Plaque Type Psoriasis
The most common form of psoriasis is known as plaque-type psoriasis (or psoriasis vulgaris). As previously explained, the term “plaque” is used to describe a raised area of skin that is greater than 1 cm in diameter. By definition, many of the areas affected are greater than 1.0 cm in diameter, although smaller areas of raised skin less than 1.0 cm (papules) might be present. Smaller papules may join to form a larger plaque. The affected area is usually raised, red and scaling. The lesions are usually well defined, meaning that the border between involved skin and uninvolved skin is remarkably sharp. The lesions of psoriasis are normally round to oval in shape. Scales can appear as silvery-white and powdery, and in some cases can be quite thick, even resembling an oyster shell (ostraceous). Scales can flake or peel off in thin transparent sheets. Plaque-type psoriasis occurs in 80 to 90 percent of all cases and tends to persist for long periods of time. It affects mostly the elbows, knees, scalp and lower back. It can, however, involve any part of the body.
The condition commonly appears in a symmetrical pattern (e.g., if the right elbow is affected the left elbow might also be affected) and can also involve the scalp. When the scalp is affected, it can be intensely itchy. Scalp psoriasis can be one of the most frustrating and difficult areas to treat.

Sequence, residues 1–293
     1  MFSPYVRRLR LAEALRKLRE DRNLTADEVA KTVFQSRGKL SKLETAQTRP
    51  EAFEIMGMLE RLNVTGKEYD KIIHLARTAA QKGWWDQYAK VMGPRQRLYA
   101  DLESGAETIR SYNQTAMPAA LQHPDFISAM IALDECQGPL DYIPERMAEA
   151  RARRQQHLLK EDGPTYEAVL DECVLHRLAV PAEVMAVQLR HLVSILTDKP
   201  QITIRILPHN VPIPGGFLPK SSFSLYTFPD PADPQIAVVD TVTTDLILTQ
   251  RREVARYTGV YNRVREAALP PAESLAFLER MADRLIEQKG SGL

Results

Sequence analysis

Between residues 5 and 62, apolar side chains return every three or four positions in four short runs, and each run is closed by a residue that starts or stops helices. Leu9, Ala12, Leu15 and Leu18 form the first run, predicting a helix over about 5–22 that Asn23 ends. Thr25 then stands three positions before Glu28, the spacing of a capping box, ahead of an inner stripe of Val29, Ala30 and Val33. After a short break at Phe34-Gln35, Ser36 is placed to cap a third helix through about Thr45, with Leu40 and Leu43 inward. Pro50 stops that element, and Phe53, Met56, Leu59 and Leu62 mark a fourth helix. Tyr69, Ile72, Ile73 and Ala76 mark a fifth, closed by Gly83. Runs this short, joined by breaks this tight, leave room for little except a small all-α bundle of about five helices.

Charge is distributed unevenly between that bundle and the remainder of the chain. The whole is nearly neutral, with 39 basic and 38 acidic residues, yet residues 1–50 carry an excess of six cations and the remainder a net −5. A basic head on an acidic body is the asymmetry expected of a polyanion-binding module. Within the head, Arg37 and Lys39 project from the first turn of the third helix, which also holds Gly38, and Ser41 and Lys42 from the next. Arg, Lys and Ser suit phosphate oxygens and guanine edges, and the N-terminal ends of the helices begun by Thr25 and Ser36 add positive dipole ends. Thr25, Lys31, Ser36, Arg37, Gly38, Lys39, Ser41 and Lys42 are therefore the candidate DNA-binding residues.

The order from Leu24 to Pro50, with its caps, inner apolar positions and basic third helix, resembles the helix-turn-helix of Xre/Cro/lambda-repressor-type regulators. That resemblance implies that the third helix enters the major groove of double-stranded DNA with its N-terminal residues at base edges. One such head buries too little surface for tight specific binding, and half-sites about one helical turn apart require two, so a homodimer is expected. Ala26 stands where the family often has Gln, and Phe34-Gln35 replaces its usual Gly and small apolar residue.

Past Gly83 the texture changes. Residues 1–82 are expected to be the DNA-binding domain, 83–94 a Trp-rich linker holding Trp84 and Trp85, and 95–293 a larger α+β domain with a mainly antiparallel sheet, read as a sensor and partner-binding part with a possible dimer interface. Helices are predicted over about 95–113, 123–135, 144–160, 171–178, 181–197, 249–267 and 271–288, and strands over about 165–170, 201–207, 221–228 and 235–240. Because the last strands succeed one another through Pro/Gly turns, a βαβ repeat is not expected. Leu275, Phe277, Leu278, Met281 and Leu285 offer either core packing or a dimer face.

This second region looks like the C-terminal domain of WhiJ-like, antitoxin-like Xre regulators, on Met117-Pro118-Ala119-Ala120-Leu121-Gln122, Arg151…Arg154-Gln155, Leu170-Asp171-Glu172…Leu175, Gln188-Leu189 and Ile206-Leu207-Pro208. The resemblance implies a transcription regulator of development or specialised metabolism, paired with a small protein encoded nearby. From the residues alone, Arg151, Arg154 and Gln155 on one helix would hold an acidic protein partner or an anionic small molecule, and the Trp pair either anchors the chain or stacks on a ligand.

Plaque-type psoriasis can affect the genitals. Men are more likely to be affected in this location than women. Genital lesions can cause embarrassment during sexual relations, especially if the penis is affected. Affected areas of skin can become redder and more noticeable after intercourse. It is important that affected people are aware that lesions are not contagious, to reassure themselves and advise sexual partners.
Many times, patients are too embarrassed to tell their doctors that genital areas are affected. However, it is important to tell your doctor as there are treatments to help control psoriasis in these locations. Topical corticosteroids are usually effective in treating genital psoriasis. However, thinning of the skin (atrophy) and stretch marks (striae) can occur when potent steroids are applied for prolonged periods to such sensitive areas. In general, lower potency topical steroids are used in areas where the skin is thin. Higher potency topical steroids generally should be avoided on the genitals.
Newer, non-steroidal treatments known as calcineurin inhibitors or topical immunomodulators are being investigated for use in psoriasis. Calcineurin inhibitors offer the advantage of being steroid free, with no risk of stretch marks or thinning of the skin. Applying anthralin or coal tar products to genital lesions is not recommended as they can cause irritation.
The palms of the hands and soles of the feet can also be affected, although less frequently in plaque-type psoriasis. The lesions can be commonly noted on the pressure-bearing areas of the hands and feet.